An alligator swims slowly through a swamp, its eyes and nose barely visible above the shimmering surface. A pitcher plant sways gently in the breeze, waiting for an insect to fall into its trap. An armadillo scurries through the brush, careful to avoid a cactus. The distant tap-tap-tap of a woodpecker echoes through tall pines. A dragonfly pauses atop a knobby cypress knee along a riverbank. Palmettos glow in the rare sunlight that reaches the forest floor.
These are but a few of the natural rhythms awaiting you in the Big Thicket!
Established in 1974, Big Thicket National Preserve protects a biologically significant portion of the Piney Woods of southeast Texas. Explore the unique natural and human history of the Big Thicket in this short film that captures the region's rich story.
A Biological Crossroads
The Big Thicket is a place where many plant species from the East Coast and Midwest reach the western and southern limits of their ranges. Here, you'll find a mix of different habitats for plants and animals, influenced by subtle changes in soil and elevation.
Wildlife abounds in the thicket, but spotting them can be a challenge! Move slowly, keep your eyes and ears alert, and you may get a glimpse. Some animals prefer the Big Thicket's swamps, like the venomous water moccasin, while others prefer its sunny, open forests, like the roadrunner. Migratory birds pass through the Big Thicket on their spring and fall journeys along the Central and Mississippi flyways.
Historically, Native American tribes used the Big Thicket for hunting and gathering but did not live within it. Instead, the Caddo lived in the hilly regions to the north while the Atakapa-Ishak lived along the coastal plain to the south of the thicket. The Alabama and Coushatta tribes were the first to settle in the Big Thicket, having moved west from what is now Alabama. Sharing a common history, the two tribes merged, forming the Alabama-Coushatta Tribe of Texas; their reservation is adjacent to the preserve.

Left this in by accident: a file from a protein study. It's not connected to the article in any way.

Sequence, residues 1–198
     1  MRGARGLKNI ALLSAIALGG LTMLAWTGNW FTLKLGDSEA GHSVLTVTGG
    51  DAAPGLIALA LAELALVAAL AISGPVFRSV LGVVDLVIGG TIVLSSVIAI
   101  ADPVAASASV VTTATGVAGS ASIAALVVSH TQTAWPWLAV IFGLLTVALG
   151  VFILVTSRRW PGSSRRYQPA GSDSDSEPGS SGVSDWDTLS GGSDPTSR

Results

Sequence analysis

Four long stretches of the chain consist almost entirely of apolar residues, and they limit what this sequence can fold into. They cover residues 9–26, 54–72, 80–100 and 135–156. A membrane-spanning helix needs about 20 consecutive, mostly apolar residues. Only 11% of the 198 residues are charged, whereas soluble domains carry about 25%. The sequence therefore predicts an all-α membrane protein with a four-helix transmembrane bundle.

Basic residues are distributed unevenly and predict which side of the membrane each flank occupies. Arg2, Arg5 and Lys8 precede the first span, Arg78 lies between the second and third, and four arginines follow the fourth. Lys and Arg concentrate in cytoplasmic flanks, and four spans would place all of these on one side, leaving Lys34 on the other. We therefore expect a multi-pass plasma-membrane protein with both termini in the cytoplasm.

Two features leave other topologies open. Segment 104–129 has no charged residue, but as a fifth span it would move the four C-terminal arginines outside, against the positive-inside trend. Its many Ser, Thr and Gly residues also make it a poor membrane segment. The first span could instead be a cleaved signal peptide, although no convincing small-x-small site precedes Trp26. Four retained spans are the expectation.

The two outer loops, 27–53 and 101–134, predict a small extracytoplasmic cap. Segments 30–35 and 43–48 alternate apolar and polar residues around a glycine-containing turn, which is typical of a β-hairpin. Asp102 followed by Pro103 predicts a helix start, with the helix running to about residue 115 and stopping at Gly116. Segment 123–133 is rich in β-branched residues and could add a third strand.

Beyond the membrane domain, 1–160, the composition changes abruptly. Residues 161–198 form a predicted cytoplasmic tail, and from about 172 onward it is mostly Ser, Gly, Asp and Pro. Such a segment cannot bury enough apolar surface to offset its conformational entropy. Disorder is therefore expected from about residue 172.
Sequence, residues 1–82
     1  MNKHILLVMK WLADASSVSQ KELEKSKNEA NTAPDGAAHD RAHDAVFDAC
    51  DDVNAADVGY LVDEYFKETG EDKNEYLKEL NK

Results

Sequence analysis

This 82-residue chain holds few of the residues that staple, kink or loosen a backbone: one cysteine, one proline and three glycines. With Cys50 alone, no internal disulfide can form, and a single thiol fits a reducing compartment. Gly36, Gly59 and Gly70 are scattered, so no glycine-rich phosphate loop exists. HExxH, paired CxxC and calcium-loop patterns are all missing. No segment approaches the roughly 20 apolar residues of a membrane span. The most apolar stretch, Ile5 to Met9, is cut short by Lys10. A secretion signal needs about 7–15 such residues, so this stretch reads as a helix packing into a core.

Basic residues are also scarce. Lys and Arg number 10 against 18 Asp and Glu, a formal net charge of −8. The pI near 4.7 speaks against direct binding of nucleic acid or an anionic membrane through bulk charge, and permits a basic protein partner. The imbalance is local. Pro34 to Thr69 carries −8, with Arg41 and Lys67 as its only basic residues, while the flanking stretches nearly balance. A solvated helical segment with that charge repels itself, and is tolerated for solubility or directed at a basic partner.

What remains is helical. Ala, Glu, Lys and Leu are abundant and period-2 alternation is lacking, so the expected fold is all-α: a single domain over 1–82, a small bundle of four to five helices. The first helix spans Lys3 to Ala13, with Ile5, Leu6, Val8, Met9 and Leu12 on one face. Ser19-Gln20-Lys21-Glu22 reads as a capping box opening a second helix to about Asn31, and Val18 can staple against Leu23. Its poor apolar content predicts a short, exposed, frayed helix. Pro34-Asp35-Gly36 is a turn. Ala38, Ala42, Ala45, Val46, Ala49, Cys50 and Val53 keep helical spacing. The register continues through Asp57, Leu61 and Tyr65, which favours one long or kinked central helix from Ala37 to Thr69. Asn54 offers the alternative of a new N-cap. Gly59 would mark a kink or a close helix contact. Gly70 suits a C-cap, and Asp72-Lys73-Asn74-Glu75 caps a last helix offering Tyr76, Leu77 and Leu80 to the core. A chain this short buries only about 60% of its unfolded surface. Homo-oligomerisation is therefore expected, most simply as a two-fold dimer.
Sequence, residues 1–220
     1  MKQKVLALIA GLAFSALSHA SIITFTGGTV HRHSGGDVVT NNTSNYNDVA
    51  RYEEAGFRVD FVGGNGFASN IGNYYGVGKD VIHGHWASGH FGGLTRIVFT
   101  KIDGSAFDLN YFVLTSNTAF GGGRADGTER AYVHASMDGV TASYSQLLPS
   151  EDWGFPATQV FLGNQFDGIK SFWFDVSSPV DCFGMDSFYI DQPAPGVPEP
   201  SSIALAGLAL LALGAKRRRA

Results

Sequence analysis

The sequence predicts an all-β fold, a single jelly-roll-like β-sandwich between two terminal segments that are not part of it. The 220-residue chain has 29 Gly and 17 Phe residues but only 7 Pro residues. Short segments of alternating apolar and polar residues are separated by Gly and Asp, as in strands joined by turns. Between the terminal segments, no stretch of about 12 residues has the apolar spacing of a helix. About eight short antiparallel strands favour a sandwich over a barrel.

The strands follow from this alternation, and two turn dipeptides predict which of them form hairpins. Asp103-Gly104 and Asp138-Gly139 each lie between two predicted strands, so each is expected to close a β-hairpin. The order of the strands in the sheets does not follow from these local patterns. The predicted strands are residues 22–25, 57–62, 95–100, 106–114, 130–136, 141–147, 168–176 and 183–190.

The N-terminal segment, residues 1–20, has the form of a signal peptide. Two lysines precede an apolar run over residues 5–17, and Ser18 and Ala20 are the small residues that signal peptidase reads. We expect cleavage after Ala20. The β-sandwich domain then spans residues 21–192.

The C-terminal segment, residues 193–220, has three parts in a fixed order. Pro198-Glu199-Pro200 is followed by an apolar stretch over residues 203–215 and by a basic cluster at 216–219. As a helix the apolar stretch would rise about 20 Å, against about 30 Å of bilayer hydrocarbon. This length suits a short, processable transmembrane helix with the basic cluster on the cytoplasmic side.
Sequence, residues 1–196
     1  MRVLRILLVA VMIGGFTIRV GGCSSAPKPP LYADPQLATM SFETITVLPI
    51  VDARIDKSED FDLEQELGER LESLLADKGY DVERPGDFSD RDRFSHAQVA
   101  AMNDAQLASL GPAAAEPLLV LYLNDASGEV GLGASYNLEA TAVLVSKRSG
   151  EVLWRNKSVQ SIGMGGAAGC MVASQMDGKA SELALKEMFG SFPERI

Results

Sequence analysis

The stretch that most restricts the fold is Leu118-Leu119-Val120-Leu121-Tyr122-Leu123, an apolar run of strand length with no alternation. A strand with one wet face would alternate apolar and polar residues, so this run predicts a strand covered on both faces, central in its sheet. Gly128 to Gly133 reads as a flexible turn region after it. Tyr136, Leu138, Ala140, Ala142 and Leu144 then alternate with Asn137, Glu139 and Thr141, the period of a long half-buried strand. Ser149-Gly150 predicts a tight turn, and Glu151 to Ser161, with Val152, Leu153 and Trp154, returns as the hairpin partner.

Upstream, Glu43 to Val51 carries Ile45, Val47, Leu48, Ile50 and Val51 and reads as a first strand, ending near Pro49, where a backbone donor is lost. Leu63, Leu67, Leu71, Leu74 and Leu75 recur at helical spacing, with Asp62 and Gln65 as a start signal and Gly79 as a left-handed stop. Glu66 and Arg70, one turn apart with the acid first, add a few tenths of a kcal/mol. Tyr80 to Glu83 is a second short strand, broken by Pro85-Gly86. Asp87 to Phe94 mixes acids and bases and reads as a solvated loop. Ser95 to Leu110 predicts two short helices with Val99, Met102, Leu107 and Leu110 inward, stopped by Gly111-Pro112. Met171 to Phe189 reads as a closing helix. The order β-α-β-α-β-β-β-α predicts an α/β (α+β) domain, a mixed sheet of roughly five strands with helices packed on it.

European Americans moving west generally went around the Big Thicket, avoiding its dense woods and swamps. However, some of them did settle in the thicket, and lived off the land in isolated homesteads, raising hogs and hunting with dogs. Local lore tells of outlaws and Civil War deserters hiding in the woods, legendary hunters, and the discovery of oil in the thicket.
A relatively new concept for the National Park System, the first national preserves were established on October 11, 1974: Big Thicket National Preserve in Texas and Big Cypress National Preserve in Florida. (Due to their establishment on the same day, both preserves claim to be the first!)
National preserves, like national parks, protect important natural and cultural resources. They differ, however, in that national preserves may allow hunting, mining, and fuel extraction, whereas national parks do not. Big Thicket National Preserve permits hunting and oil and gas extraction. NPS staff manage those activities to ensure that they don’t affect the natural values for which the preserve was established.
Big Thicket National Preserve has over 113,000 acres of public land for you to explore. With many miles of trails on land and water, hiking and paddling are the best ways to see the park. You can even make it an overnight trip and camp in the backcountry.
Fishing is a popular pastime in the Big Thicket’s waterways. In fall and winter, you can pursue deer, hogs, and other animals during hunting season. Other ways to enjoy the park include birdwatching, picnicking, biking, horseback riding, and more!